Despite COVID-19, Human Rights Council carries on with its work virtually


The current COVID-19 pandemic has thrown the global community into unchartered waters.  Worldwide lockdowns and social distancing measures to mitigate the spread of this deadly pandemic have forced us to adapt to new routines and lifestyles, and navigate virtual meeting technologies, many for the first time. 

President of Human Rights Council, Ambassador Elisabeth Tichy-Fisslberger (Austria), holds video conference meeting with her Bureau, 1 April 2020 © Human Rights Council Presidency

By now, practically all UN bodies have either postponed or cancelled their meetings resorting to alternative means of conducting their affairs.  Since suspending its 43rd session on 13 March, following a series of incremental precautionary measures and tightened restrictions by Swiss authorities, the Human Rights Council, and its secretariat staff from the UN Human Rights Office, have been conducting their business on a variety of virtual teleconference (VTC) platforms.

“The human rights protection work of the United Nations must go on, not least because the human rights issues out there in the world have not gone away. It may not be business in the usual sense, but we are working to carry out business as usual to the best of our abilities under these unprecedented circumstances”, remarked Elisabeth Tichy-Fisslberger of Austria, President of the Human Rights Council for 2020.  “The global Coronavirus pandemic has offered us opportunities to be more creative and sharpen our virtual teamwork skills”, she added.

The Bureau of the 47-member human rights body tested its skills today when it held its first formal meeting via VTC.  Ambassador Tichy-Fisslberger and her four Vice-Presidents conducted a virtual meeting to discuss a series of issues on its packed agenda.  Among the issues discussed were alternative working methods vis-à-vis virtual meeting technology, ways of how the Council could best address the human rights implications of the current crisis, possible scenarios for resuming the formal work of the Council once circumstances are back to normal and ways to maintaining contact with all stakeholders, including civil society.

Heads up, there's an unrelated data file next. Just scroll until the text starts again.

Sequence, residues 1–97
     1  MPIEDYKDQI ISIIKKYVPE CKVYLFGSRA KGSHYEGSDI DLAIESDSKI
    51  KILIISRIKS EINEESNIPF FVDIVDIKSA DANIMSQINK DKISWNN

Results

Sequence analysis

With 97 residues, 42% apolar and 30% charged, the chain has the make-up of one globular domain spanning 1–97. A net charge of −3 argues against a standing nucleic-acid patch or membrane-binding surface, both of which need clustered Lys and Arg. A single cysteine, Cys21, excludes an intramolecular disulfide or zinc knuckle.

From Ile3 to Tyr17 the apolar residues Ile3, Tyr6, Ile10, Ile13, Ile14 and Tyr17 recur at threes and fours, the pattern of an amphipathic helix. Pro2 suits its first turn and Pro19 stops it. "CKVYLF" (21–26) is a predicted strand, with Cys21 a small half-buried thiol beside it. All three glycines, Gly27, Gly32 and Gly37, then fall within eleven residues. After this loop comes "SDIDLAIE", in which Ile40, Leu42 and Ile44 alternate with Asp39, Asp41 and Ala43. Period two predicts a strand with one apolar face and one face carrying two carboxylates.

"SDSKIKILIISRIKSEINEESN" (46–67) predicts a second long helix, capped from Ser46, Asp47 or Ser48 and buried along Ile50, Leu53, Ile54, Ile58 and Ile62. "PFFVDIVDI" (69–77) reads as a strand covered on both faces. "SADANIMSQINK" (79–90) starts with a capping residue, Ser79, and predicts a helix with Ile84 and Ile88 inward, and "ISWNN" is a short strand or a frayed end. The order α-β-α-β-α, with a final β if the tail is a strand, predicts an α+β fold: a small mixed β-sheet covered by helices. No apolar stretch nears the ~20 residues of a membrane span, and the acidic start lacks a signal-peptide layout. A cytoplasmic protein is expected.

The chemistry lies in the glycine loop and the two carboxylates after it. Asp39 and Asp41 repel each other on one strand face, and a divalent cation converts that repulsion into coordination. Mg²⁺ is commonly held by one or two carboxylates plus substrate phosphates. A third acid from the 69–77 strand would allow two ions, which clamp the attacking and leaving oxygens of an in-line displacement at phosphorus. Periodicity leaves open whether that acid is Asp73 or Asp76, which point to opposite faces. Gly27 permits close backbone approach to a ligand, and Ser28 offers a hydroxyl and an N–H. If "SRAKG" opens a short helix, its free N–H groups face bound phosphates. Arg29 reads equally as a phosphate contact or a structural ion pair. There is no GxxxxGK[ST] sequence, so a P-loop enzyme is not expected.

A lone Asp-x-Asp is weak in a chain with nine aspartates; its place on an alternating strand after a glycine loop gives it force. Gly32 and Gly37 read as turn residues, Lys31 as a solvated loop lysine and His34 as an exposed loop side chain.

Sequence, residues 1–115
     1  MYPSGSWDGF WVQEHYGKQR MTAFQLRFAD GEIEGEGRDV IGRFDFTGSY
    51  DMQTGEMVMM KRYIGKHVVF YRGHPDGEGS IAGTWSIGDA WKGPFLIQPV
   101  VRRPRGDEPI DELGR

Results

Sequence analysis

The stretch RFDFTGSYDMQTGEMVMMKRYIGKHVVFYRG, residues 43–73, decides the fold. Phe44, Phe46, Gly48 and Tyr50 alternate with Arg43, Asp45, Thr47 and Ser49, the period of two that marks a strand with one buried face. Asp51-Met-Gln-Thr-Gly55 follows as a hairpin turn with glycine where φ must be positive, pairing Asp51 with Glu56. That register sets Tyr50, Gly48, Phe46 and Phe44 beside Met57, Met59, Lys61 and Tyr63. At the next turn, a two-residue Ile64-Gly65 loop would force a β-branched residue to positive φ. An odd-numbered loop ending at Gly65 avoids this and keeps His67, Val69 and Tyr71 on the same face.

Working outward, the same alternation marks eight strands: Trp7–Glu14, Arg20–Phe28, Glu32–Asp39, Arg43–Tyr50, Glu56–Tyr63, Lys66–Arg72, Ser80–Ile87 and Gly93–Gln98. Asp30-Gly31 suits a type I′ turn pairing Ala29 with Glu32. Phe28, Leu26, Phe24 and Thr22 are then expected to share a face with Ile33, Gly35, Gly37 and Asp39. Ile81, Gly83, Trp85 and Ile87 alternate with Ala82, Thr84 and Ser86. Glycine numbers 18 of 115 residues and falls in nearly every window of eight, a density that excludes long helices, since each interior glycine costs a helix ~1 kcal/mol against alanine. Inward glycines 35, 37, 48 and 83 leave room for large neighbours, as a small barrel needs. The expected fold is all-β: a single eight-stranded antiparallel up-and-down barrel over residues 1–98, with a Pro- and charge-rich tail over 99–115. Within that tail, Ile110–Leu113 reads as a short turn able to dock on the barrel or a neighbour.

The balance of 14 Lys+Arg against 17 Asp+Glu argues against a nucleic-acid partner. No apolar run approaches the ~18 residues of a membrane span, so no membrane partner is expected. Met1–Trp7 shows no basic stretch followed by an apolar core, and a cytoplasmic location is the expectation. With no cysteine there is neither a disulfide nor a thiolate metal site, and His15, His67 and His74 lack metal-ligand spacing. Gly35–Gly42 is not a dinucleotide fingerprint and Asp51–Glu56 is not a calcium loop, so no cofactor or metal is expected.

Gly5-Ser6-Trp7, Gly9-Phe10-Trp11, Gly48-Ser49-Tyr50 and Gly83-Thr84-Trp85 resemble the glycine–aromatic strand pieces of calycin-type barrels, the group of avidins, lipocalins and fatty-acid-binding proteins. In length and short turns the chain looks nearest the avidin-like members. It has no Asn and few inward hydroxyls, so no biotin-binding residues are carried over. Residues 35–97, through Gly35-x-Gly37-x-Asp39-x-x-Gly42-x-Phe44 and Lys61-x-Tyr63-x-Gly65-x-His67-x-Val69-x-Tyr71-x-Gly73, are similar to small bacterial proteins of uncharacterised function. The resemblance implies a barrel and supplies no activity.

“We are taking every opportunity to carry out our work, stated Ambassador Tichy-Fisslberger. “We are closely following what is happening in the real world and exploring ways to spread our messages in as many imaginative ways as possible to those who most need to hear them.  It need not be in a conference room, or even in person.  It can be done in a virtual manner”, she added.

Following the pattern of online engagement, over recent days the Council’s independent experts have issued several urgent appeals to States to ensure their COVID-19 measures were deeply rooted in human rights.  These include calls to safeguard the right to health, adequate housing, clean water, to privacy and freedom of expression online rights. 

Connecting people from various walks of life has been the Council’s business from the time it was established 14 years ago.  As stated by the Special Rapporteur on racism and discrimination last week, “Crises like the coronavirus pandemic remind us that we are all connected and that our well-being is interdependent”.  Ever since its first meeting in June 2006, it has been providing a unique setting where States and representatives from civil society can connect and exchange views on a wide range of human rights issues, including those which other organisations are unable or even unwilling to discuss.  Under the present circumstances, this work is being done virtually.

"These times require us to go even deeper into the human rights work.  We need to consider the impact that this pandemic and the resulting situation may have on almost all the rights set forth in the Universal Declaration”, add the Council President.

The Council is not entirely new to the concept of remote participation.  It commonly features video messages by participants unable to attend its meetings in Geneva, and its commissions of inquiry without access to their countries of concern regularly conduct their interviews with human rights victims and witnesses on skype and other online platforms.

“What this virus has shown us is that the present crisis unites us all; there are no ideological or political splits involved.  We share a common preoccupation for human lives and the consequences of this crisis around the world, but especially on the most vulnerable populations”, stated the Council President.  She added:  “The crisis also proves that when we work collectively with a sense of purpose, we can achieve so much more to advance our common agenda to promote and protect human rights around the globe, regardless of the setting or being physically or virtually together”.

1 April 2020


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